Ellie Burrows had a health scare in 2008 that landed her in the office of functional and integrative medicine expert Dr. Frank Lipman. He introduced her to meditation to manage emotional aspects of her health issue and having that de-stressing practice became her anchor. She realized meditation was like going to the gym— if you go consistently, you’ll see the benefits. That’s when she came to the idea for MNDFL, New York City’s first drop-in meditation studio.
Bonus: Use the code WellBe for a free 30-minute MNDFL class (first-time community members only, any location)!
Burrows had been practicing ecstatic breathwork, a dynamic practice where you breathe deeply in a certain cycle, but the practice left her so euphoric she wasn’t sure she could even drive afterwards. Not practical, right? She started working with mindfulness meditation instead, but found that, even with a cushion at home, she wasn’t being consistent. (BTW, mindfulness meditation is the act of bringing your mind to your breath.)
“I noticed that I was showing up for my workout, in between jobs, 2 hours a day, 6 days a week, but I could barely show up for the cushion and the altar in my own home,” she told WellBe.
She turned to meditation teacher Lodro Rinzler and asked why it was so hard finding a place to meditate in NYC that was un-intimidating and didn’t require a long time commitment. That’s how they came up with MNDFL and opened the doors to the first studio in November 2015, with Burrows as the CEO and Rinzler as the Chief Spiritual Officer. Now, with three locations in NYC and an online video platform, they’re reaching meditation practitioners novice and experienced.
When it comes to meditation, Burrows likes to reference the “four Cs”: commitment, consistency, cumulative benefits, and choice. Burrows says that many people feel overwhelmed at the idea of starting a meditation practice. They don’t know where to start, or will begin a practice and now notice any changes and feel like they must be doing it “wrong.” According to Burrows, the key to implementing a meditation practice and reaping the benefits lies in the four C’s, which are:
Commitment to practice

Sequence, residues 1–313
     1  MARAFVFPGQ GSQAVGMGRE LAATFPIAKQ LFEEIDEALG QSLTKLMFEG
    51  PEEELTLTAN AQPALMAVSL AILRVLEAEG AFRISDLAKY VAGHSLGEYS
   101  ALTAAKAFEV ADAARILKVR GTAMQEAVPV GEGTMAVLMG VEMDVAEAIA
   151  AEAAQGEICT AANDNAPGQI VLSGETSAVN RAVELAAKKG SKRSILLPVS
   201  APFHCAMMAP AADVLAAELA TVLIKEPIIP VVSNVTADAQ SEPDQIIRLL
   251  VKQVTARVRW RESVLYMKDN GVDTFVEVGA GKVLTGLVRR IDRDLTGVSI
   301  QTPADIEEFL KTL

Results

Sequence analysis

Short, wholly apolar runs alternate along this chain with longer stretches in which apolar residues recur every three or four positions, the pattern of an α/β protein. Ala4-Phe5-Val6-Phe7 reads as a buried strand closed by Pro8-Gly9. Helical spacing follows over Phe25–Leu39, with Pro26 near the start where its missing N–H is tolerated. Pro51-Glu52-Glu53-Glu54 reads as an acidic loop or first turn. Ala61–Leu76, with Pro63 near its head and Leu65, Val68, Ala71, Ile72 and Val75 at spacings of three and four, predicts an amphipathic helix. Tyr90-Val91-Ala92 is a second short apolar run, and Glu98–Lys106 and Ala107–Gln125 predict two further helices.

Consistency with which you practice
Let’s break down what each of these means:
Commitment. In order for meditation to “work” for you, you need to be willing to stick with it. You also need to be willing to prioritize it over other things, and make time and space for it in your life. You can’t do any of this without a solid commitment to your practice.
Consistency. “If you really want to see the benefits of practicing meditation,” says Burrows, “you have to practice for a consistent amount of time.” She defines this as setting aside a specific amount of time in your day, every day, to practice. That might start off at five minutes a day, then build to ten minutes, then 20. But, says Burrows, even if it never gets to 20, “just that consistency of setting aside time and practicing, you’ll begin to see benefits from your practice.”
Cumulative Benefits: Once you make the commitment to meditate consistently, the cumulative benefits will start to add up. You’ll find that these benefits build on one another — maybe the meditation helps you sleep better, which leads to you beginning your day in a calmer and more restful state; or maybe your new ability to quell your own anxiety makes those around you feel more at ease, which creates a cycle of peacefulness. Either way, the first two C’s are essential to reap these cumulative benefits.
Choice: She explains that when you practice, your mind goes down a rabbithole of thoughts, and it’s your job to gently and without judgment dismiss those thoughts and return to your breath. This very cycle — noticing that your mind has wandered, and bringing it back — builds an awareness between you and your consciousness, says Burrows. This awareness, in turn, seeps into different aspects of your life.
When something happens that triggers an angry or upset response, like an irritating email or your spouse forgetting to do a household chore, “your body is feeling the chemical reaction as if a tiger were attacking you.” Meditation, and the increased awareness that it builds, allows you to understand that you’re not, in fact, being attacked by a tiger. You can see that your mind is going all over the place, and this recognition gives you the power to make a choice about how to respond, rather than entering into a state of fight-or-flight where you just react or lash out.
“I can feel my choice, that I can be more open-hearted in this situation,” says Burrows. “I can show myself more compassion, the human in front of me more compassion, and maybe choose a kinder way forward.”
Burrows practices Vedic Meditation, a mantra-based practice, twice a day for 20 minutes. If she misses a day, she feels it.
“It feels really similar to how I used to want coffee every day at 4:00 pm. By then I’m sluggish, my body is craving it. It’s so used to the release of bliss chemicals that happen during practice that it will miss and crave those chemicals when I’m not practicing,” she said.
Watch our full interview with Burrows, where she discussed the benefits of meditation, how meditation helps build consciousness, why meditation teaches you about yourself, how tech takes away from our relationships, and the upside of having a meditation community.
The recovery story above is anecdotal and specific to this particular individual. Please note that this is not medical advice and that not all treatments and approaches mentioned will work for everyone.
The information contained in this article comes from our interview with Ellie Burrows, Cofounder and Chief Executive Officer of MNDFL as well as a Vedic Meditation teacher, certified personal development coach, and writer. You can read more of Ellie’s story here.
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